In 2005-06, the government, under the Coastal Security Scheme (Phase I), provided 73 coastal police stations, 97 check posts, 58 outposts, 30 barracks, 204 interceptor boats, 153 jeeps and 312 motor cycles. This cost Rs 646 crore. However, the 26/11 terror attacks pointed to major loopholes in India’s coastal security. So, Phase II has been under implementation since 2011. It will cost Rs 1,580 crore, of which Rs 122.58 crore has been released till November 2014.

In the second phase, the government is planning to provide 131 marine police stations, 60 jetties, 10 marine police operation centres, 150 boats (12 tonne), 10 boats (5 tonne), 20 boats (19 metre), 35 rigid inflatable boats and 10 large vessels for Andaman and Nicobar Islands. Of these, 82 police stations are up and running, but only 10 sites have been acquired for jetties. Only 42 coast guard stations have been commissioned.

Source: Lok Sabha
Source: Lok Sabha

A total of 46 radar stations were approved by the government, of which work on 44 stations are ready, with an additional 38 radar stations due to go up in Phase II of the coastal security scheme. Apart from these measures, the government has started the national population registry for coastal populations and registration of all fishing vessels.

And since 2009, the coast guard has been conducting community interaction programmes with fishermen to act as the ‘eyes and ears’ of enforcement agencies. The role of the fisherman isn’t likely to end any time soon.

This article was originally published by IndiaSpend.

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An ambassador and trained facilitator under Eco Femme (a social enterprise working towards menstrual health in south India), Sanjina is also an active member of the MHM Collective- India and Menstrual Health Alliance- India. She has conducted Menstrual Health sessions in multiple government schools adopted by Rotary District 3240 as part of their WinS project in rural Bengal. She has also delivered training of trainers on SRHR, gender, sexuality and Menstruation for Tomorrow’s Foundation, Vikramshila Education Resource Society, Nirdhan trust and Micro Finance, Tollygunj Women In Need, Paint It Red in Kolkata.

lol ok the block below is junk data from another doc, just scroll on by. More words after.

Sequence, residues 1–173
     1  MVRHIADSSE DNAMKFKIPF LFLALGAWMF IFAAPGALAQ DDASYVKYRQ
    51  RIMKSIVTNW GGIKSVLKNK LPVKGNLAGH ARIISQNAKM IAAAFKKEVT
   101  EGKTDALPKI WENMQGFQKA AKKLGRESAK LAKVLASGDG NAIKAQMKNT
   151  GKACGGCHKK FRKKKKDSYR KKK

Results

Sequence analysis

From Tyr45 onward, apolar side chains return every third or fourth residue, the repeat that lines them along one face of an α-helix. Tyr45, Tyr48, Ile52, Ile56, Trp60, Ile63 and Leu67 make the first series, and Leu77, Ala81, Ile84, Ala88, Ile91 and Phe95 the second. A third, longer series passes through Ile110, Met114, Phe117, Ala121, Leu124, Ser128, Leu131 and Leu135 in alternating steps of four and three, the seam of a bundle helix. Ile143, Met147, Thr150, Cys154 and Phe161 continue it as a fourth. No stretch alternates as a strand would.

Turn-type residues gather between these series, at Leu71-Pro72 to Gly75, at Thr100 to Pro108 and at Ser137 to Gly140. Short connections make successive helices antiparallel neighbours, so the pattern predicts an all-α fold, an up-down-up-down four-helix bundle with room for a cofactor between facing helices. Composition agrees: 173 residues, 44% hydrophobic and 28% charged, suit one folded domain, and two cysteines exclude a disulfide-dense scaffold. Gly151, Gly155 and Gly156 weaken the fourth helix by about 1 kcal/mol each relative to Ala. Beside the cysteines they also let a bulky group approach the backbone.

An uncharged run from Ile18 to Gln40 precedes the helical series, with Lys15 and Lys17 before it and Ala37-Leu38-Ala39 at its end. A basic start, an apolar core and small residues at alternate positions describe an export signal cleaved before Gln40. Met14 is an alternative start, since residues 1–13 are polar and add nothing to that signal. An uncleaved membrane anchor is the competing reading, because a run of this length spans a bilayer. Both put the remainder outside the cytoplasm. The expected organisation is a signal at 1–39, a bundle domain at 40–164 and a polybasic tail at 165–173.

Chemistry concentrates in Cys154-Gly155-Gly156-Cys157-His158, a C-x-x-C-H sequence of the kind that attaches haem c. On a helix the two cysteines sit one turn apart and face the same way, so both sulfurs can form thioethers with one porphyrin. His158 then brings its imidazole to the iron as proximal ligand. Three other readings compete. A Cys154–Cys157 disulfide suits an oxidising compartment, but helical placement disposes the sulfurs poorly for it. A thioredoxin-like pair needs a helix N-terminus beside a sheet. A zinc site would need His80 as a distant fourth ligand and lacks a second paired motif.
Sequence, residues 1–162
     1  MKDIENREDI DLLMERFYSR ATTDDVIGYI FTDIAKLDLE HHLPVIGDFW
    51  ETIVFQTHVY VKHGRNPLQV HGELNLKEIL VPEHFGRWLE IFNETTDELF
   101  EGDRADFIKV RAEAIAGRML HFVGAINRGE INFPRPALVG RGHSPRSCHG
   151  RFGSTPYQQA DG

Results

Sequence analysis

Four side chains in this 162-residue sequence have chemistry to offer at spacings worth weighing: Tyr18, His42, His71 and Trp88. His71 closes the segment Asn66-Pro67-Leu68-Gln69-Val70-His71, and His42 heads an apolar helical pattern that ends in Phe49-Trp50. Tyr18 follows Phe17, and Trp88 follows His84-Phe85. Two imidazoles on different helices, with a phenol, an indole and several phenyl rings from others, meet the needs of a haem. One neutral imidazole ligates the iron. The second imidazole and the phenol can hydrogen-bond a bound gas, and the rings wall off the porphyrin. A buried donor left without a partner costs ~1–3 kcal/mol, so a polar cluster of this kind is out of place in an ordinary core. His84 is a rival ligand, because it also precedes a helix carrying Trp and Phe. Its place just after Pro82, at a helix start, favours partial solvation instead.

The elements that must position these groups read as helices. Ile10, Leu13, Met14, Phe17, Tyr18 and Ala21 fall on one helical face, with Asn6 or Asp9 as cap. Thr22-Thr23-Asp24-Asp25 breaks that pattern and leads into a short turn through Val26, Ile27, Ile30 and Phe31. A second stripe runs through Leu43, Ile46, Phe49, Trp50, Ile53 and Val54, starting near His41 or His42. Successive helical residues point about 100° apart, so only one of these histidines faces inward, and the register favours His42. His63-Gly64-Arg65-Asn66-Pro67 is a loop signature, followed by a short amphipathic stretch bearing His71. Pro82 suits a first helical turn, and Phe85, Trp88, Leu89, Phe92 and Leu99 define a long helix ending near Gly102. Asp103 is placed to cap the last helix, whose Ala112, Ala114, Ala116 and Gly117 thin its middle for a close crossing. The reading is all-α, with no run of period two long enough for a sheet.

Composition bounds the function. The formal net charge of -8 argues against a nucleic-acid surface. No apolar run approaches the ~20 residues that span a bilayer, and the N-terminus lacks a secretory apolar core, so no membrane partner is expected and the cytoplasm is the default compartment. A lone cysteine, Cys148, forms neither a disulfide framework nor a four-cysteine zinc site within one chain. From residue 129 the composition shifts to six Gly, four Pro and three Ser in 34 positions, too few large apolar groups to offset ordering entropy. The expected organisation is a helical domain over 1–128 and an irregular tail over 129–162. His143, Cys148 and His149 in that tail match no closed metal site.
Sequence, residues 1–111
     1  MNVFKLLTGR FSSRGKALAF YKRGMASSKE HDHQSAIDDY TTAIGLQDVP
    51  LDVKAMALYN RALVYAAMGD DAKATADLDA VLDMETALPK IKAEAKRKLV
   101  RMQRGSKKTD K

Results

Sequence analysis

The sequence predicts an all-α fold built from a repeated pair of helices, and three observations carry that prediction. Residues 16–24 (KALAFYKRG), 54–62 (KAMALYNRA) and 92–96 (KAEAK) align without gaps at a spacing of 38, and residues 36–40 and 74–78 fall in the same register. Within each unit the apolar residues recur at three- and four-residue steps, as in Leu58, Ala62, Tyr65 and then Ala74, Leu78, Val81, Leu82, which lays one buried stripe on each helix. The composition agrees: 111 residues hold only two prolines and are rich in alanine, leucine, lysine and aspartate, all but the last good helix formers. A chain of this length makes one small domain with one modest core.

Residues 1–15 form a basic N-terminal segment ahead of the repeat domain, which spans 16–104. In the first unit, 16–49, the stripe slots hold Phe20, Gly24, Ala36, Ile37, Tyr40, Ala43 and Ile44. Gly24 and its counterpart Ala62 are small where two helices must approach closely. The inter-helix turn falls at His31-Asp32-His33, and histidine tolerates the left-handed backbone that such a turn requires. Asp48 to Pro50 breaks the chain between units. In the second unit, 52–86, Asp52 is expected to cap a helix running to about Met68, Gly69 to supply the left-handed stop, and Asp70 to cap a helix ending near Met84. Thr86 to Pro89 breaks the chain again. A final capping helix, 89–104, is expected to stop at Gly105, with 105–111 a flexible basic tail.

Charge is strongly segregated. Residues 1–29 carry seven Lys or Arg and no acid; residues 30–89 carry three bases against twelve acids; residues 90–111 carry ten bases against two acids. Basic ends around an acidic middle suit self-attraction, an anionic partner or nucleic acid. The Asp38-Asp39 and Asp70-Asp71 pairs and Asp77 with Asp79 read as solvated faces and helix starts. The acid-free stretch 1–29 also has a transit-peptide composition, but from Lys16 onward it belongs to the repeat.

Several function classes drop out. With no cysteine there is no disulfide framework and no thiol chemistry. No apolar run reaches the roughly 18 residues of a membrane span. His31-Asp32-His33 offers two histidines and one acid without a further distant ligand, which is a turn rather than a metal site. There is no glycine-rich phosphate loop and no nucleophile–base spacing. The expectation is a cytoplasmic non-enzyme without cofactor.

Now as an MH Fellow with YKA, she’s expanding her impressive scope of work further by launching a campaign to facilitate the process of ensuring better menstrual health and SRH services for women residing in correctional homes in West Bengal. The campaign will entail an independent study to take stalk of the present conditions of MHM in correctional homes across the state and use its findings to build public support and political will to take the necessary action.

Saurabh has been associated with YKA as a user and has consistently been writing on the issue MHM and its intersectionality with other issues in the society. Now as an MHM Fellow with YKA, he’s launched the Right to Period campaign, which aims to ensure proper execution of MHM guidelines in Delhi’s schools.

The long-term aim of the campaign is to develop an open culture where menstruation is not treated as a taboo. The campaign also seeks to hold the schools accountable for their responsibilities as an important component in the implementation of MHM policies by making adequate sanitation infrastructure and knowledge of MHM available in school premises.

Read more about his campaign.

Harshita is a psychologist and works to support people with mental health issues, particularly adolescents who are survivors of violence. Associated with the Azadi Foundation in UP, Harshita became an MHM Fellow with YKA, with the aim of promoting better menstrual health.